The question is, basically: what would be more preferable, both performance-wise and design-wise - to have a list of objects of a Python class or to have several lists of numerical properties?

I am writing some sort of a scientific simulation which involves a rather large system of interacting particles. For simplicity, let's say we have a set of balls bouncing inside a box so each ball has a number of numerical properties, like x-y-z-coordinates, diameter, mass, velocity vector and so on. How to store the system better? Two major options I can think of are:

to make a class "Ball" with those properties and some methods, then store a list of objects of the class, e. g. [b1, b2, b3, ...bn, ...], where for each bn we can access bn.x, bn.y, bn.mass and so on;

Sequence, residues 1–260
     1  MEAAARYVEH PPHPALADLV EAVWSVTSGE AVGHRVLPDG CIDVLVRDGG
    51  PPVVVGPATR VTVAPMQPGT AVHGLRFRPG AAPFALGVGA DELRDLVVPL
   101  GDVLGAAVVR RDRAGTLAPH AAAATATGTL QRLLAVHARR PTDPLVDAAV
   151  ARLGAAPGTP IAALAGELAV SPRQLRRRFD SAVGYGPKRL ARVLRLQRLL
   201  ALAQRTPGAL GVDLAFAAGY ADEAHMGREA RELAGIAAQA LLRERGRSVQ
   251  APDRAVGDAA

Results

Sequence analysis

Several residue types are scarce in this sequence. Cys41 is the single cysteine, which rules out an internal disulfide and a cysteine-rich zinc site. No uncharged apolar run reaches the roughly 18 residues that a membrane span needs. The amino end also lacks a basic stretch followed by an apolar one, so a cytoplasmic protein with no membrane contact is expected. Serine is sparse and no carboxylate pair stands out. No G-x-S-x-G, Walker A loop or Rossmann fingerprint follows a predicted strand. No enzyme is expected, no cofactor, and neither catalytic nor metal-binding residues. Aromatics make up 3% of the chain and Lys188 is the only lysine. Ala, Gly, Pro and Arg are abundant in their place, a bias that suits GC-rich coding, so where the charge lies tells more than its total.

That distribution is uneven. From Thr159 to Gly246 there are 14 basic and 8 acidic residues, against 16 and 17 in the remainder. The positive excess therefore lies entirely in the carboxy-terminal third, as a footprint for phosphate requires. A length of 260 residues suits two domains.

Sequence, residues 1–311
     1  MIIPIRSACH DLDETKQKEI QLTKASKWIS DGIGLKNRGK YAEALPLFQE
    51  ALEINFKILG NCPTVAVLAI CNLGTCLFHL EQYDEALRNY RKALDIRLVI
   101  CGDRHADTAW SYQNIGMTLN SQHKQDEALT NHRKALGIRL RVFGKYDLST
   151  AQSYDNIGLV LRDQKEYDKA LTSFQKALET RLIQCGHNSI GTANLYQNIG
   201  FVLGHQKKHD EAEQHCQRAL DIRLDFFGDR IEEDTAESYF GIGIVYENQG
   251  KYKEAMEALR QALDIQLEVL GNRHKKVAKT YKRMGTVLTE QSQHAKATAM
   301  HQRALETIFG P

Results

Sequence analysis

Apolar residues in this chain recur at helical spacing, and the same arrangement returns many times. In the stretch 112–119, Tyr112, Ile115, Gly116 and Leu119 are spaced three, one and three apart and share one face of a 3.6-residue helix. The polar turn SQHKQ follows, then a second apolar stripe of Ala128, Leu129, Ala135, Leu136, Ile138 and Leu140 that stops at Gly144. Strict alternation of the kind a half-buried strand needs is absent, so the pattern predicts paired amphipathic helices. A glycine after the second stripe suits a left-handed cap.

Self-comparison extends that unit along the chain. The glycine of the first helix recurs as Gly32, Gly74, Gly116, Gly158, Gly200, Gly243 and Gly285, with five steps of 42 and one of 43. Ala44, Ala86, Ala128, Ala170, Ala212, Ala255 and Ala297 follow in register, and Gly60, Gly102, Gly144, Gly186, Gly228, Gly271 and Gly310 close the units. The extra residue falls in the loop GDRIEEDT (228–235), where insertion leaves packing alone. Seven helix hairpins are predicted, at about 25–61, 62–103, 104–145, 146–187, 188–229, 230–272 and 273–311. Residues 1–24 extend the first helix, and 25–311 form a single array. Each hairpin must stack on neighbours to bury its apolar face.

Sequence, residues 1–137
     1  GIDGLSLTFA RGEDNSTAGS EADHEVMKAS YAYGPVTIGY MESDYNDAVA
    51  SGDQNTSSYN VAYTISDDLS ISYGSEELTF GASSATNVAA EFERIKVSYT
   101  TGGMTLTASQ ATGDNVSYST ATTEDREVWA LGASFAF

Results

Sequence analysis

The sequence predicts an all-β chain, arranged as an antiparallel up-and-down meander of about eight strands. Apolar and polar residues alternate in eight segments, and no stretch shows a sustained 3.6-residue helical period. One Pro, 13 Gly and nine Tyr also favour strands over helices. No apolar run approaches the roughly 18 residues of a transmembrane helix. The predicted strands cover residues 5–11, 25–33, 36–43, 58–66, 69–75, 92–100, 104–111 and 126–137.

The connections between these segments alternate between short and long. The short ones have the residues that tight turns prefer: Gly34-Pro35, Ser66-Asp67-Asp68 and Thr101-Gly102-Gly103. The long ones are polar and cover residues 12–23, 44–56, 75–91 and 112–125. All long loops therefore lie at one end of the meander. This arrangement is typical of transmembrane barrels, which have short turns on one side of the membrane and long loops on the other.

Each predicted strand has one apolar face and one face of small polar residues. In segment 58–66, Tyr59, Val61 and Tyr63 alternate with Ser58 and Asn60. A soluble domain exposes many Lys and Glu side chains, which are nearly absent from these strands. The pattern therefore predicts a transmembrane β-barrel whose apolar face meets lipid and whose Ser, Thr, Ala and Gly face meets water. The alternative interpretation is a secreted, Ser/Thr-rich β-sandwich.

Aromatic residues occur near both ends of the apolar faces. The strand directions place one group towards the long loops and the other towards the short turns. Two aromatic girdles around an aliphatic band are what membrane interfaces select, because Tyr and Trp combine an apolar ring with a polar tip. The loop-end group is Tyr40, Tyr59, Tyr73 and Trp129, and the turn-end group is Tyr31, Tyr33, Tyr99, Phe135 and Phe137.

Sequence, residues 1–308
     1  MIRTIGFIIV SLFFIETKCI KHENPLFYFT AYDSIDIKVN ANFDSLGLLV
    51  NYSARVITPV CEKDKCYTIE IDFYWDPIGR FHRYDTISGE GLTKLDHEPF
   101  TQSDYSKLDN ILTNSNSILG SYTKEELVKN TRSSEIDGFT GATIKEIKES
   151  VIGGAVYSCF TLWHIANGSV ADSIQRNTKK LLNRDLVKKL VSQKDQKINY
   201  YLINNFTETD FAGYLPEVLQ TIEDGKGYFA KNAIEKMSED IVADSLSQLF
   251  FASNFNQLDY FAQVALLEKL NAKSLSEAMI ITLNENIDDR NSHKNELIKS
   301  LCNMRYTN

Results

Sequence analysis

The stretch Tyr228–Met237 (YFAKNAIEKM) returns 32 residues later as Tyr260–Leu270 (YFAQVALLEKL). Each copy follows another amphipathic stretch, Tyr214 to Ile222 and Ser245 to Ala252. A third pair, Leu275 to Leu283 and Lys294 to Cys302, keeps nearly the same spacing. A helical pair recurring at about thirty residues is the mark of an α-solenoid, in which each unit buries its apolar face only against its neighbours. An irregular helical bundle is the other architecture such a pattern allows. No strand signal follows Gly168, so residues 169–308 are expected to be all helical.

to make an array of numbers for each property, then for each i-th "ball" we can access it's 'x' coordinate as xs[i], 'y' coordinate as ys[i], 'mass' as masses[i] and so on;

To me it seems that the first option represents a better design. The second option looks somewhat uglier, but might be better in terms of performance, and it could be easier to use it with numpy and scipy, which I try to use as much as I can.

I am still not sure if Python will be fast enough, so it may be necessary to rewrite it in C++ or something, after initial prototyping in Python. Would the choice of data representation be different for C/C++? What about a hybrid approach, e.g. Python with C++ extension?

**Update:** I never expected any performance gain from parallel arrays per se, but in a mixed environment like Python + Numpy (or whatever SlowScriptingLanguage + FastNativeLibrary) using them may (or may not?) let you move more work out of you slow scripting code and into the fast native library.